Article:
Who Are The Best And Worst Catchers in MLB?
There is a thought process that goes: the quickest way to the majors is to be a lefty pitcher (figuring you are half way decent). So what’s the second fastest way? It’s being a good catcher. The trick in that is not just being able to call a good game because that, while important, doesn’t seem to attract a scout the way knocking the cover off the ball.
Every team has a starting catcher but as we all know, not all catchers are created equal. So where does yours rank in this bloggers estimation? I attempted to look at a number of factors but I went a lot with offensive statistics. Take a look.
(By the way: if any of your are actually curious to find out who’s ranked number 1 then you clearly don’t know much about baseball)
30. J.R Towles (Houston Astros) – Gets the vote for my favorite name as he’s the only catcher who you could remotely believe invented a fictional world of hobbits. While he may be a great author, I can’t confirm that he can play baseball. He’s bummed around the majors for the last 3 seasons and sports a robust .188 average. I’m not saying he can’t be a serviceable catcher or better at the major league level, but he’s far too raw and unproven. So he gets the bottom slot and may punch me if our paths ever cross.
29. Nick Hundley (San Diego Padres) – Here’s another guy that makes this ranking for lack of playing time. He’s put in more time than Towles but has never played more than half a season. The Padres are just hoping he will carrying the load and present a consistent playing ability at the position. We’ll see.
28. Lou Marson (Cleveland Indians) – He sounds like he should managing. “And the Cleveland Indians are managed by their hot tempered skipper Lou Marson.” Now, can he play ball? That’s the question. He’s a rookie so there is no way to know how he’ll pan out. So why is he ranked higher than Nick Hundley? Because of his name. Lou Marson. What a name.
27. Dioner Navarro (Tampa Bay Rays) – Got to say I’m not a fan of his name as much. He may be a hell of a good hitter someday but unfortunately we don’t know a thing about him. He was a career .252 hitter in AAA. Doesn’t sound like the numbers you want heading into the majors.
26. Gerald Laird (Detroit Tigers) – Once again this is a player with a simple problem of not enough experience at the major league level. It’s so hard to evaluate. But he gets a bump because he’s playing on a team with a lot of good veterans. But really no other reason.
25. Rob Johnson (Seattle Mariners) – Hey everyone! It’s Rob Johnson, below average catcher for the Seattle Mariners. He has never played a full season and has a career batting average just above the Mendoza line. He doesn’t hit the ball very far or is very fast, but he does have the same name as former NFL quarterback.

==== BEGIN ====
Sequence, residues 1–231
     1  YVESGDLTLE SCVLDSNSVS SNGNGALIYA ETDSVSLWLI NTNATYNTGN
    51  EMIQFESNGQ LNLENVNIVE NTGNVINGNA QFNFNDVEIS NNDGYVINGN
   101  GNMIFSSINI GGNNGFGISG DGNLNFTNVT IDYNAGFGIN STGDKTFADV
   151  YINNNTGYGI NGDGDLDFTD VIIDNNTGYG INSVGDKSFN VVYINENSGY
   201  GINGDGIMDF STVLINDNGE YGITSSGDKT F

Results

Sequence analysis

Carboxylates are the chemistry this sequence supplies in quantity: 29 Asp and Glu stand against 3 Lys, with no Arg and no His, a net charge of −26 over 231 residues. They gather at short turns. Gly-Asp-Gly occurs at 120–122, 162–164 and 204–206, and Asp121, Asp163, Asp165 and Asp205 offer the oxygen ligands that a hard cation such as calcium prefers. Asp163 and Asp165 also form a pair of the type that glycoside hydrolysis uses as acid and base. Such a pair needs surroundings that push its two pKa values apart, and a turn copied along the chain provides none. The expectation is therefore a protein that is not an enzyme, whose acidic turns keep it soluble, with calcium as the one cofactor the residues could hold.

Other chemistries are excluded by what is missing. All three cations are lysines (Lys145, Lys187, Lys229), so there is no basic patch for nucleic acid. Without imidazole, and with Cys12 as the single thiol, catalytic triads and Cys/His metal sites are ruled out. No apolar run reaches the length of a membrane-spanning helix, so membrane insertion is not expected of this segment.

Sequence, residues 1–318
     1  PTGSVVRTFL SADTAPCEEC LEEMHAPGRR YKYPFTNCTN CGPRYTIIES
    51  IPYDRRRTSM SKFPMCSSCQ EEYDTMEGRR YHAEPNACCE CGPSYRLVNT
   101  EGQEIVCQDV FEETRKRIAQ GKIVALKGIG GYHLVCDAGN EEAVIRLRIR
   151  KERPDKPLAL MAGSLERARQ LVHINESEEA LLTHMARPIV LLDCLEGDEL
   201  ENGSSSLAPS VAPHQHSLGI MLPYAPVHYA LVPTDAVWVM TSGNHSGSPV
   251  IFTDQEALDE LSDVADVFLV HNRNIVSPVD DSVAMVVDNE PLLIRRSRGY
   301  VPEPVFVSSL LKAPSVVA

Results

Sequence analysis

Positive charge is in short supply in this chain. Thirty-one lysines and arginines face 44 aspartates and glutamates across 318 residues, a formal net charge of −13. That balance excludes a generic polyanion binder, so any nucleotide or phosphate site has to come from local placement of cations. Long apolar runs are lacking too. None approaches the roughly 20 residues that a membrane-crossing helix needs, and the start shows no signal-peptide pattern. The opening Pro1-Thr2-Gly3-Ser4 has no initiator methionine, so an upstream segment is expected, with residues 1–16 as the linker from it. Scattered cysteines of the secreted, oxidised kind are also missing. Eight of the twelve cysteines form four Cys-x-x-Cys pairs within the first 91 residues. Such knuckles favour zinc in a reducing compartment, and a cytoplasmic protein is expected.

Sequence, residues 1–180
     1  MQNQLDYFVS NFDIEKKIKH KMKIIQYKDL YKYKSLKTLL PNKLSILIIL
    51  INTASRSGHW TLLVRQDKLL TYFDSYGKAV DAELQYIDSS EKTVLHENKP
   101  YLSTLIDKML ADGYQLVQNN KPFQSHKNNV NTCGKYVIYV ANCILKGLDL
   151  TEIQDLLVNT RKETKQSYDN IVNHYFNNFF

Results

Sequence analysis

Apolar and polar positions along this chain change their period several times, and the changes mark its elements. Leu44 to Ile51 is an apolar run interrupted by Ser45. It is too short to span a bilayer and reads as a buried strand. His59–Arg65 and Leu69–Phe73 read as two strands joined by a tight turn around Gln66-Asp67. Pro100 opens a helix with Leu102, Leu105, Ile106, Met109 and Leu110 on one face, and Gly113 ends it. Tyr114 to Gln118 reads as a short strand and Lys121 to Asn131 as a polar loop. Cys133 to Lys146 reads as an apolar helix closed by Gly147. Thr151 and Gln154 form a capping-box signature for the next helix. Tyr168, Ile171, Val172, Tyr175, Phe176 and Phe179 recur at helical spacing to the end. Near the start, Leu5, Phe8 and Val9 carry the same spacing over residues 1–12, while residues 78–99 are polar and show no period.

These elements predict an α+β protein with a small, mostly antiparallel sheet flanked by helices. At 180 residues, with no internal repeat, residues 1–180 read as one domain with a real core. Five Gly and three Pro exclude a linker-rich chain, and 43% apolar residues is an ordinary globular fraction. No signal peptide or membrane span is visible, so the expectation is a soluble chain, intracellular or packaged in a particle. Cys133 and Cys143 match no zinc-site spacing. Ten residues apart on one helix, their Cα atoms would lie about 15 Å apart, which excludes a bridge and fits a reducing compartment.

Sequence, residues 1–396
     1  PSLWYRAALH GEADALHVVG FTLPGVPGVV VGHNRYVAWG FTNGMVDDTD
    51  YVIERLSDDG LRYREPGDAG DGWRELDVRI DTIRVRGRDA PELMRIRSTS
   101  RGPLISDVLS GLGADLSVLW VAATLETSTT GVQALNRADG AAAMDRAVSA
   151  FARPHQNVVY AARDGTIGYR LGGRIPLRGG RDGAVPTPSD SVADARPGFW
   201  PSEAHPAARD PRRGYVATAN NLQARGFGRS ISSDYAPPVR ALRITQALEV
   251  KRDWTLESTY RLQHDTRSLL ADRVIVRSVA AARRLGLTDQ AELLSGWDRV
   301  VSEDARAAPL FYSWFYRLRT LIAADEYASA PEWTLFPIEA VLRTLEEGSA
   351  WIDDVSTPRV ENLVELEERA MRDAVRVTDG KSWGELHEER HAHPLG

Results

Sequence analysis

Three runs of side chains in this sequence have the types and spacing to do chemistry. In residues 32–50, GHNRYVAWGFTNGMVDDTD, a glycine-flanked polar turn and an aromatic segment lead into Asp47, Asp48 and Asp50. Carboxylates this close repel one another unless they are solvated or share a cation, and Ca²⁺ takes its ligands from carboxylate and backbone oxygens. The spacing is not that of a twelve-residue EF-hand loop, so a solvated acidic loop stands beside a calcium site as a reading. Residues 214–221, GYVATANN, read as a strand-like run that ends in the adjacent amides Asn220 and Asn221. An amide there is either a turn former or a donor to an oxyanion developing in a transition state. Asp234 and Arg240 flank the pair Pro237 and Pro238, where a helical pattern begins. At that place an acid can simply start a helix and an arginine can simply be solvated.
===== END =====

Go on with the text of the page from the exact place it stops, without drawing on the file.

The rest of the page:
24. Carlos Ruiz (Philadelphia Phillies) – Here’s a serviceable part of a hell of a lineup. Carlos Ruiz boasts a lifetime batting average of .246 but a respectable on base percentage of .337. He could be ranked higher than this but he won’t be blowing anyone away anytime soon. All he’ll need to do is handle that ace pitching staff this year.
23. John Buck(Toronto Blue Jays) – The more I evaluate the Blue Jays the less good I have to say about them. John Buck keeps that trend going. He had dismal years in Kansas City and is onto Toronto to help out behind the plate. His defensive and game calling skills are solid but it’s not bumping him out of this bottom 10.
22. Rod Barajas (New York Mets) – Here’s the scoop on Rod Barajas: long career. Got some good pop. Can put the ball in play but nothing to write home about. He’s certainly not the worst catcher out there but he’s nothing to write home about.
21. Ramon Hernandez (Cincinnati Reds) – He’s got a pretty good bat for his position, and he’s got pretty good homerun production. But Hernandez is coming off a season in which he limited in his games and below his career average in almost every statistical category. It’s hard to know if last year was a fluke for a respectable catcher or the beginning of the downside. For right now, we’ll play the pessimist and bet on the latter.
20. Jarrod Saltalamacchia (Texas Rangers) – Welcome to the current definition of serviceable. Having played 84 games last year(a career high) he does a decent job at his job. According to baseball-reference.com his 162 games average is .251 with 16 dingers* and 63 RBI’s. He makes a contribution in your lineup but not the impact some of the other catchers on this list will make.
19. Gregg Zaun (Milwaukee Brewers) – His bio: Aging pitcher in the twilight of his career who can get on base despite rocking a .251 lifetime average. He’s bounced around from team to team meaning he was never a “lock him down” player. He can handle a pitching staff but leaves a lot to be desired at the plate.
18. Matt Wieters (Baltimore Orioles) – Dugout Doctors blogger Tony Piraro had this to say about Wieters The catcher situation is his, along with the fact he calls a great game for his pitching staff which will aide Dave Trembley if he must make late-game adjustments. Wieters is a powerful-lefty with 25 HR possibility just for 2010. I can’t imagine what his projections will be years from now, scary. But we’ll keep him in the bottom third of this list because he has potential. He’ll move up when he proves it.